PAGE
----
10 Tips on using the Apple iPad as your primary device

I can be clumsy when overtired. And so it happened that I broke my laptop whilst travelling to a major conference, and couldn’t get it replaced for nearly 3 weeks. As it happens I then smashed the screen on my iPad, but that’s another story, and anyhow it carried on working.

For those 3 weeks, I had only my iPad as my primary computer. Here’s how I coped – and then ended up loving the iPad more than ever before.

1. Let go of trying to curate complex content

Question is – can you? With my job I often can for some periods of time, because content curation happens in fits and spurts. When a suitable powerpoint presentation is written, you can stick with it for some time.

2. Focus on Task Management and workflow

This was my next lesson – and there are some great software enablers for this on the iPad like OmniFocus. I love this because I can categorize and prioritize tasks – entering them as I think of them, and making sure I actually get things done. This is actually a huge boon for productivity.

I’ve also bought a bunch of apps – Keynote, Numbers and Pages to cover off displaying documents properly that others send me. GoodReader, which allows you to process ZIP files. And a bunch of free apps – Lync 2010, LinkedIn, Twitter, Skype, Facebook. I use most of these on a daily basis and they make a difference to productivity.

3. Buy an Apple Keyboard and an Apple Smart Cover

I’ve tried a bunch of iPad cases like the ones from ZAGG and Logitech, but they all SUCK. They are cut-size keyboards that cause you to compromise. Instead, buy a spare Apple Keyboard and carry it when you need to create content. Conveniently, the keyboard shortcuts also work.

For example, this blog is written on vacation, using the Apple Keyboard on my lap. I can type just as fast as on a desktop computer and I leave the keyboard in the hotel safe when I don’t need it.

4. Always carry the 10W Apple Charger

But only to your hotel room and never during the day. I charge the iPad every night, but never need to charge it during the day. That’s the beauty – on a tough day I get down to 10% battery but I’ve never run out. If you get desperate, you can always steal someone’s iPhone charger!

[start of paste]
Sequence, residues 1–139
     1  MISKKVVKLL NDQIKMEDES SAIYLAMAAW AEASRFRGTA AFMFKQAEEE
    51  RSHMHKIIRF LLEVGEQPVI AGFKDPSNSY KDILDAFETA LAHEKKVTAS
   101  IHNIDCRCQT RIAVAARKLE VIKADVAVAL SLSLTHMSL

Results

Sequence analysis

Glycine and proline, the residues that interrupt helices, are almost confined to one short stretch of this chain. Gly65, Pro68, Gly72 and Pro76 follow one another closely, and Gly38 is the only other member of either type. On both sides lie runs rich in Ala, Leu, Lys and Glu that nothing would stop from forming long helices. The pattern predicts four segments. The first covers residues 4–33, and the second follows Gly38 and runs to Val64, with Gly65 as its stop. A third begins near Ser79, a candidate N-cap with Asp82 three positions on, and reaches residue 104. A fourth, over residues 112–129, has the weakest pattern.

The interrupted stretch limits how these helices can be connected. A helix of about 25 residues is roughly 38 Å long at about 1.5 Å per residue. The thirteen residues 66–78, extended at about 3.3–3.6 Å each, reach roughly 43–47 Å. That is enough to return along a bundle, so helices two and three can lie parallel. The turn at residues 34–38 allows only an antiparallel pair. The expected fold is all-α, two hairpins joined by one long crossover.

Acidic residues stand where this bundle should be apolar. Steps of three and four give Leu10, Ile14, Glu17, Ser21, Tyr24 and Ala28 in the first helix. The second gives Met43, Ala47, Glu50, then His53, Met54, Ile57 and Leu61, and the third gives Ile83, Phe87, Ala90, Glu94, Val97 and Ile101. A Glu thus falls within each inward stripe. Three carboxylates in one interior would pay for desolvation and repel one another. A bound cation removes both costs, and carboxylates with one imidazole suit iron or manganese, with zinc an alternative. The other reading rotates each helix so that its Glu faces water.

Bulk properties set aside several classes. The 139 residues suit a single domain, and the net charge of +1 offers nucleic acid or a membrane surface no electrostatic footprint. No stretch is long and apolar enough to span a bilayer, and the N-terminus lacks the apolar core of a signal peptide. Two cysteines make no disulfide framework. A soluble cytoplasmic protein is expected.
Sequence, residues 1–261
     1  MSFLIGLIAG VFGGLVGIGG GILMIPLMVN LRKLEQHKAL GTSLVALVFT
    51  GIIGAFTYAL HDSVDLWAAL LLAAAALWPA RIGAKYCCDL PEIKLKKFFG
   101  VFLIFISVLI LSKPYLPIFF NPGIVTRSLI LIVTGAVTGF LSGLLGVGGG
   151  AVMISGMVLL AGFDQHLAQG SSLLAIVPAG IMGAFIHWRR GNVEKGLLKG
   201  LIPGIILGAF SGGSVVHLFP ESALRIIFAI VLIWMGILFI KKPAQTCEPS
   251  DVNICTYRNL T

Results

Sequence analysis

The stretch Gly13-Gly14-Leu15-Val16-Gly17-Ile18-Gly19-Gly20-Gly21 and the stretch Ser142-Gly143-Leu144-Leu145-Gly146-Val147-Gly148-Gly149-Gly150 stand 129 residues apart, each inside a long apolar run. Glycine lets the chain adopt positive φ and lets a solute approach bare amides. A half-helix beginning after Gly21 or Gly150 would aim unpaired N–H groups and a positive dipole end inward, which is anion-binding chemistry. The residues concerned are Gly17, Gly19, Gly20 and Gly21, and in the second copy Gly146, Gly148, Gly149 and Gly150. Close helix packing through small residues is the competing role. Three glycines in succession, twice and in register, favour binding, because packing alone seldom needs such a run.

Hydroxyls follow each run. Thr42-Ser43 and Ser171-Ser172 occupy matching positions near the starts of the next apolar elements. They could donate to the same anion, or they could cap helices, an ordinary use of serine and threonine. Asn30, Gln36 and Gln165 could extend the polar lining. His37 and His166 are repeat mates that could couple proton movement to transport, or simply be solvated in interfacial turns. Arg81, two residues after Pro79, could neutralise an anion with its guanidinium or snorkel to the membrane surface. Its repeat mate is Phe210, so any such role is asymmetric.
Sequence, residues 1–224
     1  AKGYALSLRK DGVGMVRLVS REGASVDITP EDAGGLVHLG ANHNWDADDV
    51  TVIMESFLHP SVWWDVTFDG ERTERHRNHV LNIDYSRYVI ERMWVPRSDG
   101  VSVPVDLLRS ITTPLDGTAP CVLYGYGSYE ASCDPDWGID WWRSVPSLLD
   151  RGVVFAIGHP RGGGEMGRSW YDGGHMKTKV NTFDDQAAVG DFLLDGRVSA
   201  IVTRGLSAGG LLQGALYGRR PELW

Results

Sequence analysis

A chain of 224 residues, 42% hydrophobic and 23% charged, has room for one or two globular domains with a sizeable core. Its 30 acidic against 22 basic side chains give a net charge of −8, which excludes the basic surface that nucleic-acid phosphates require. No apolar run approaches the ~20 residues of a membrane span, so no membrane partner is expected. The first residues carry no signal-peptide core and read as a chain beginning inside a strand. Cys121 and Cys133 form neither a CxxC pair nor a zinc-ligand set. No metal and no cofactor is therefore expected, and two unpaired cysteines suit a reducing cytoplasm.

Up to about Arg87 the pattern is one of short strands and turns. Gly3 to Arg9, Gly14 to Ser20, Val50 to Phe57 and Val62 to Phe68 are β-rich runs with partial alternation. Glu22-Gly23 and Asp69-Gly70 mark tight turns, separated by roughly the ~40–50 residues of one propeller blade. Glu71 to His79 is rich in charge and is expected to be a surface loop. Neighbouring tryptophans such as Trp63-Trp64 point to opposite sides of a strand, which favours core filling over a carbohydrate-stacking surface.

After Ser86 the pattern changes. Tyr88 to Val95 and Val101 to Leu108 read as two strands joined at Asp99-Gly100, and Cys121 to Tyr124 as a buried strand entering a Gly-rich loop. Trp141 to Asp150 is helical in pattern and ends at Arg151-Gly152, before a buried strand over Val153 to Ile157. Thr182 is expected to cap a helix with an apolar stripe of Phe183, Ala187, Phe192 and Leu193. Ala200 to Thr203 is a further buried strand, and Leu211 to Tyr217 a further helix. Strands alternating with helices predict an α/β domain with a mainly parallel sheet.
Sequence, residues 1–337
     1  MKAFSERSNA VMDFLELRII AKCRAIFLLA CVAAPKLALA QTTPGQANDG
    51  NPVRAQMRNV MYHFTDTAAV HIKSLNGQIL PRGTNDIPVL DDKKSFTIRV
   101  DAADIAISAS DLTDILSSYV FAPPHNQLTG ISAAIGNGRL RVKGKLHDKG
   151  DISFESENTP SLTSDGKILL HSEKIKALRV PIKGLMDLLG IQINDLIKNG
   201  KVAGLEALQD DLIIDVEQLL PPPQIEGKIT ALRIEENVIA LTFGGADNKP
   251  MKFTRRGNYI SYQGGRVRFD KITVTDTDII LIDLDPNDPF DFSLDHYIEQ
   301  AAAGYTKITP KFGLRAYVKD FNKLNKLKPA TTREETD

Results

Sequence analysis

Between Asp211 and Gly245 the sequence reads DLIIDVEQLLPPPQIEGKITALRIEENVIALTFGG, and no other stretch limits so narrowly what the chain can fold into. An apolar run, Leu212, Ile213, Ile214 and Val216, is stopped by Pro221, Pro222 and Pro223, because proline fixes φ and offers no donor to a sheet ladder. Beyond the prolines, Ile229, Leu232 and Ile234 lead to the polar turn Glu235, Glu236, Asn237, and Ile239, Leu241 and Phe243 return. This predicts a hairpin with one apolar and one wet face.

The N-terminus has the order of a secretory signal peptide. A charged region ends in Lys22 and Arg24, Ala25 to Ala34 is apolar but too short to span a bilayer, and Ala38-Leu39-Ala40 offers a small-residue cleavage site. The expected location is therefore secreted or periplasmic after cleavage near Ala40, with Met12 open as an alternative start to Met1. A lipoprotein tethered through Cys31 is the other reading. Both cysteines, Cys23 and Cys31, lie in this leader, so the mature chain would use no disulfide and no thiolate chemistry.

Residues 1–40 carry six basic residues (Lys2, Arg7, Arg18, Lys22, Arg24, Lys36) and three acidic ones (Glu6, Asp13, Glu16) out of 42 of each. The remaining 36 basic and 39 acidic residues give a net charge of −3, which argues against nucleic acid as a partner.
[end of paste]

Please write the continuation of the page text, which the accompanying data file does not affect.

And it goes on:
5. If you’re clumsy, look into AppleCare+

I think it’s only available in the USA so far – in the UK they were not familiar with it – but for $100 you get full phone support, plus accidental damage cover. If you drop, drown or destroy your iPad, Apple will provide you with a replacement on the spot, for a $50 co-pay. They’ll do this twice.

6. Use iCloud Backup

I got my iPad replaced just now after the cracked screen and it was an awesome experience. You back up the existing iPad using iCloud and then reset it. When you set up the new iPad you select “use existing iCloud backup” and it puts your iPad back just the way it was – apps, settings and data – including the latest versions of apps – in about 10 minutes. You can do it at the Apple Store when they replace your iPad. So convenient.

7. Focus on being in the present

That’s the great thing about the iPad – you don’t focus on the computer, you focus on the room. Gone are the days of meetings where people peer into their laptops like there’s pictures of naked ladies on them (get the Friends reference?). Instead, focus on discussing, sharing, creating and white-boarding ideas. Create something great together and then take it home to work on it.

8. Relax

Remember that you don’t need to do everything right now and this is a benefit. So long as you capture what it is you need to work on, you can do it later. But, to do this, you have to let go a bit – and relax.